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Us debt is going to end the world

Before we get into this week’s note, just a quick shout out to Tom Mitchell over at the NGMI Newsletter.

Love the name.

Love the content more.

If you need to get to grips with the latest narratives, crypto buzz and gems kicking about, make sure to subscribe to the NGMI Newsletter…

Tom has been a journo at Cointelegraph for a long while now and is one of the best in the biz at spotting crypto opportunities (way better than me, anyway!).

Bit of a weird headline is kicking around right now…

From Bloomberg, nonetheless.


I am shocked that this has been found to be the case.

I mean, there has literally never been a time ever when the US debt was not sustainable, right? (sarcasm)

If you do a Google search for ‘national debt too high’ and exclude any articles from after the pandemic hit, you can see that people have been worried about the national deb for literal decades…

This is not me suggesting there’s no worries here — it’s just me saying that perhaps we need to think of things a little differently.

For instance, would it have been a good idea not to have increased the debt over the pandemic and just let people fend for themselves?

Or why has there been little consideration given to who owns the debt (the Fed has increased ownership MASSIVELY, so context of post pandemic debt creation vs pre-pandemic is very different).

But also no consideration given to the fact that perhaps looking at what the debt tends to get sucked into is important (hint: property, more specifically land values).

The lesson: try not to take these headlines at face value.

Economists are some of the most wrong people on the planet.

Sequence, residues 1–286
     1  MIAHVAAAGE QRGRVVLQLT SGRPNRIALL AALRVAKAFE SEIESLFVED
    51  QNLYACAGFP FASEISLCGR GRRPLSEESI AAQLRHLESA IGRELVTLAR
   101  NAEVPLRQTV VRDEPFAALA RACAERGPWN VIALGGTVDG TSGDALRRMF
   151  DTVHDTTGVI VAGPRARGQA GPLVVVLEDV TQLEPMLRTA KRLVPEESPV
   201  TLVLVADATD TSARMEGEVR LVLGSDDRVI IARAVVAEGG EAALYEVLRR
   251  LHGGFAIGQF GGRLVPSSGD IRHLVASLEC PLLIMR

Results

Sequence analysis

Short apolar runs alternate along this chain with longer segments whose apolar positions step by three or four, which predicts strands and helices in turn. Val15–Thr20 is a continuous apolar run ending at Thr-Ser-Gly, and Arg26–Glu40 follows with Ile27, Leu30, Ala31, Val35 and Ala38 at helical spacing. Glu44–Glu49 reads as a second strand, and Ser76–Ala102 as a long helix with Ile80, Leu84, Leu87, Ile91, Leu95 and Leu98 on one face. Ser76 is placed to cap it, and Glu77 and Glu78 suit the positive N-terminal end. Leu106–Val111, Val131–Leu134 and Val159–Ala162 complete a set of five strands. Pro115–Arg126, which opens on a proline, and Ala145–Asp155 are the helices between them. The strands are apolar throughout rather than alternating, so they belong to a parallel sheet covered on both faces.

Oil hits 5 month highs after our article on how to take advantage of the commodity move was clearly read by everyone in the industry (sarcasm, again).

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What you need to know this week

The UK simply hates investing in itself.

Is there any wonder we have such poor productivity when we just don’t really fancy upgrading anything?

Less money into property investing, more into our businesses I say!

And this is proved by the below Tweet from Simon French.

It’s very simple. We love putting money into a highly unproductive ‘asset class’ here.

In the US, they clearly prefer to invest in businesses 🤷‍♂️

The most important chart of the week

Doc Marten seems like they are going to go private.

We at Fink ABHOR Doc Martens.

Ugliest shoes ever, and the shares’ performance since IPO reflects this.

"Maintaining Dr. Martens as an independent publicly traded company is likely no longer in the best interests of shareholders," Mario Cibelli, Marathon Partners' managing member, wrote to the company's board last month.


Hopefully a ban on the shoes occurs soon after.